Add sediment: freshwater marshes

How is the evidence assessed?
  • Effectiveness
  • Certainty
  • Harms

Study locations

Key messages

  • One study evaluated the effects, on vegetation, of adding sediment to existing freshwater marshes. The study was in the USA.


  • Overall richness/diversity (1 study): One replicated, randomized, paired, controlled study in the USA reported that adding sediment to freshwater marshes typically reduced plant species richness after one growing season.


  • Overall abundance (1 study): One replicated, randomized, paired, controlled study in the USA found that adding sediment to freshwater marshes had no significant effect on total live vegetation biomass after one growing season.
  • Individual species abundance (1 study): The same study found that adding sediment to freshwater marshes had no significant effect on the biomass of most of the dominant herbaceous species after one growing season.


About key messages

Key messages provide a descriptive index to studies we have found that test this intervention.

Studies are not directly comparable or of equal value. When making decisions based on this evidence, you should consider factors such as study size, study design, reported metrics and relevance of the study to your situation, rather than simply counting the number of studies that support a particular interpretation.

Supporting evidence from individual studies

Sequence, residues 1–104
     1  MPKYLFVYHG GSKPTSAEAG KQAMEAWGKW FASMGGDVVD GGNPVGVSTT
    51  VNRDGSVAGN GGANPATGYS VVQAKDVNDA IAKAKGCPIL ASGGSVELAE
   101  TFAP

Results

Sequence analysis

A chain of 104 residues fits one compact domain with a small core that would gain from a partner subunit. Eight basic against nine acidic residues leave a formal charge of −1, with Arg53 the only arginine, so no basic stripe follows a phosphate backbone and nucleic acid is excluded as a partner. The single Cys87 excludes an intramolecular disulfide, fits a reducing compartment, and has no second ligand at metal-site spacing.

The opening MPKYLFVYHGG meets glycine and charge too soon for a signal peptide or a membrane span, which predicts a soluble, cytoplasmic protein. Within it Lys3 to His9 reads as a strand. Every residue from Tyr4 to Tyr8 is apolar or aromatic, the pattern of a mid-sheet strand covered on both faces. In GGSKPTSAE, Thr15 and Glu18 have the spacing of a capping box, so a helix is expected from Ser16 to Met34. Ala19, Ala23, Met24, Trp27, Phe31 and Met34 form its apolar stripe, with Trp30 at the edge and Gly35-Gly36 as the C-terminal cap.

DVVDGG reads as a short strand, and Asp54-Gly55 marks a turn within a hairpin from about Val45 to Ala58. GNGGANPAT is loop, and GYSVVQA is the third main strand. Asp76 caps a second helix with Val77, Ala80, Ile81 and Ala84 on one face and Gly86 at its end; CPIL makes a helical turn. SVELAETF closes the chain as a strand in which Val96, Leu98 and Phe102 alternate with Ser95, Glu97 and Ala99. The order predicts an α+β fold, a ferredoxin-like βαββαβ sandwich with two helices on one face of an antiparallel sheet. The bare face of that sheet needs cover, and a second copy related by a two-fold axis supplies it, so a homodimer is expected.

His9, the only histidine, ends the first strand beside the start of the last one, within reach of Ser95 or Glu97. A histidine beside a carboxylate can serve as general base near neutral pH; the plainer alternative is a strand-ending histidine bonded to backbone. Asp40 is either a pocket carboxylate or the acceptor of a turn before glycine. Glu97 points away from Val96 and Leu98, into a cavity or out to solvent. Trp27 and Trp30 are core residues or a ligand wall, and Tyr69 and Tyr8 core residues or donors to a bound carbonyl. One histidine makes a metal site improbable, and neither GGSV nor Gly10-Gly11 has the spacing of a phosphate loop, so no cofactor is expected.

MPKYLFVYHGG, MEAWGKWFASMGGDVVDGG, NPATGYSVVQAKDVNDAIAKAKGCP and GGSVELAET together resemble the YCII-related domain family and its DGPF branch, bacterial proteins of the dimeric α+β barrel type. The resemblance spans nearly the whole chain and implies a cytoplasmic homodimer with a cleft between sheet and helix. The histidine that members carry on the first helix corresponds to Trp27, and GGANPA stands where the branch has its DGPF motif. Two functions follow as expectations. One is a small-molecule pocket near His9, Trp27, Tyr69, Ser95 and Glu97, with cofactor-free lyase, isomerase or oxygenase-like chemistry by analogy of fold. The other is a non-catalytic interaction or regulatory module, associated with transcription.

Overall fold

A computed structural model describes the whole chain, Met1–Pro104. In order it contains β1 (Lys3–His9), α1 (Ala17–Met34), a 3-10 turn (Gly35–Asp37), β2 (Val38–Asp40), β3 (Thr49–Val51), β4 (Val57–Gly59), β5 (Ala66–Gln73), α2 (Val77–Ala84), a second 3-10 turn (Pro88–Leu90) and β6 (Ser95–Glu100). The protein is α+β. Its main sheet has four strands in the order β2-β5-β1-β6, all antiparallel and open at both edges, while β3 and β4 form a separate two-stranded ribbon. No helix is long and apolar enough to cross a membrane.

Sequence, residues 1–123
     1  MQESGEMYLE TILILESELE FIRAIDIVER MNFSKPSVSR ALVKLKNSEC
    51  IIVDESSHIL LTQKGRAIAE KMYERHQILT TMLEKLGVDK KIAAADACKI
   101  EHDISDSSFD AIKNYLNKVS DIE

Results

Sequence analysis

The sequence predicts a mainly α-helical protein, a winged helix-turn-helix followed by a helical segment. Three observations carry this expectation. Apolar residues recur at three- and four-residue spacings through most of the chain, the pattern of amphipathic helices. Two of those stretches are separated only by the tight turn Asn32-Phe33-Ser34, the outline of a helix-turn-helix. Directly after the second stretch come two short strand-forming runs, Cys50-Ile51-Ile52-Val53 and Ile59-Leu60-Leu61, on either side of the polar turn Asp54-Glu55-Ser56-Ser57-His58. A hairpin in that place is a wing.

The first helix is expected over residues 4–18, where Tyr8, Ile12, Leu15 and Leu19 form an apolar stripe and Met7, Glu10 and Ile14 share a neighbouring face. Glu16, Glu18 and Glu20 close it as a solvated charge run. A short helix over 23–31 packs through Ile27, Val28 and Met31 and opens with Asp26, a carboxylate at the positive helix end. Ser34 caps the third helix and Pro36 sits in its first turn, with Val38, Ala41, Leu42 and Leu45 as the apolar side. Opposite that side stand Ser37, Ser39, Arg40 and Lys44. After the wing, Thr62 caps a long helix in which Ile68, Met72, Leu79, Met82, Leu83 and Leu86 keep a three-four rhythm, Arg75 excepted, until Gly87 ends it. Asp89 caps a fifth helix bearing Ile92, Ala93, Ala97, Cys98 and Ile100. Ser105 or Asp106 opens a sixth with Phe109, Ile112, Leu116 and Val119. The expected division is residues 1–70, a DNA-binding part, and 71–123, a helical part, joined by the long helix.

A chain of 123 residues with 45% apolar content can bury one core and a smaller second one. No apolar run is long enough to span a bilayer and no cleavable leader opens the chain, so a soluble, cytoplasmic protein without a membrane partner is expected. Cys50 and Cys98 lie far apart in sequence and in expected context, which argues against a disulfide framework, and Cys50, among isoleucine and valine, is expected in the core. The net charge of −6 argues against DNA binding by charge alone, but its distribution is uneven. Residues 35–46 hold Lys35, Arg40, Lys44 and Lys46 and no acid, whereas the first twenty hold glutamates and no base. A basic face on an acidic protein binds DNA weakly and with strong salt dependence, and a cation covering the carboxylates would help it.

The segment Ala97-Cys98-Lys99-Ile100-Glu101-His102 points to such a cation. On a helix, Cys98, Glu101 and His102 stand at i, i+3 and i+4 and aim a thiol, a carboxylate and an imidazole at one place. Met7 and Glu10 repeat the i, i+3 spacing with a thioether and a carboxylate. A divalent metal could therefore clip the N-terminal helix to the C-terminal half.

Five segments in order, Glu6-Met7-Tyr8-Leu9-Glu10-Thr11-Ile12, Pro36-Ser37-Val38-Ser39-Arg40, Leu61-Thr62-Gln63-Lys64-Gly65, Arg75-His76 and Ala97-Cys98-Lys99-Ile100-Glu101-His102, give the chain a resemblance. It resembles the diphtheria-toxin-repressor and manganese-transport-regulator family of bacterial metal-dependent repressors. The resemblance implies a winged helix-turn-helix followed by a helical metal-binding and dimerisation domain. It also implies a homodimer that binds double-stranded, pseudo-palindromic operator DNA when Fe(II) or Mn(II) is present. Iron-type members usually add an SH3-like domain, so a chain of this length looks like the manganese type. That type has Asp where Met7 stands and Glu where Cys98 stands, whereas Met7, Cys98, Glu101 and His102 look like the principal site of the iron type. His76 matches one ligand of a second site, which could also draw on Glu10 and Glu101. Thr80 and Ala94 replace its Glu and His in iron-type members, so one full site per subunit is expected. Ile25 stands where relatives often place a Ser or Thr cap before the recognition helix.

1. A replicated, randomized, paired, controlled study in 2004 in two floating freshwater marshes in Louisiana, USA (Carpenter et al. 2007) found that adding sediment reduced plant species richness, but had no significant effect on vegetation biomass. After one growing season, plots amended with sediment had lower plant species richness than unamended plots in five of six cases (for which amended: 8–12 species/0.4 m2; unamended: 12–13 species/0.4 m2; statistical significance not assessed). Sediment addition had no significant effect on total, live, above-ground vegetation biomass (amended: 270–660 g/m2; unamended: 320–530 g/m2). Sediment addition typically had no significant effect on the overall biomass of dominant plant species, such as slender spikerush Eleocharis baldwinii and dotted smartweed Polygonum punctatum (see original paper for data). However, in one of two marshes, biomass of frogfruit Phyla lanceolata was greater in amended plots (4–12 g/m2) than unamended plots (<0.1 g/m2). Methods: In spring 2004, thirty-two 1-m2 plots were established across two floating marshes. Sediment inputs to the marshes had been reduced by an upstream dam. In each marsh, twelve random plots were amended with sediment collected from a nearby river channel (2 kg/m2, 7 kg/m2 or 17 kg/m2). The remaining plots received no sediment. All plots were also fenced to exclude nutria Myocastor coypus. In autumn 2004, vegetation was cut from 0.1 m2 of each plot then separated by species, dried and weighed.

    Study and other actions tested
Please cite as:

Taylor N.G., Grillas P., Smith R.K. & Sutherland W.J. (2021) Marsh and Swamp Conservation: Global Evidence for the Effects of Interventions to Conserve Marsh and Swamp Vegetation. Conservation Evidence Series Synopses. University of Cambridge, Cambridge, UK.

Where has this evidence come from?

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Marsh and Swamp Conservation

This Action forms part of the Action Synopsis:

Marsh and Swamp Conservation
Marsh and Swamp Conservation

Marsh and Swamp Conservation - Published 2021

Marsh and Swamp Synopsis

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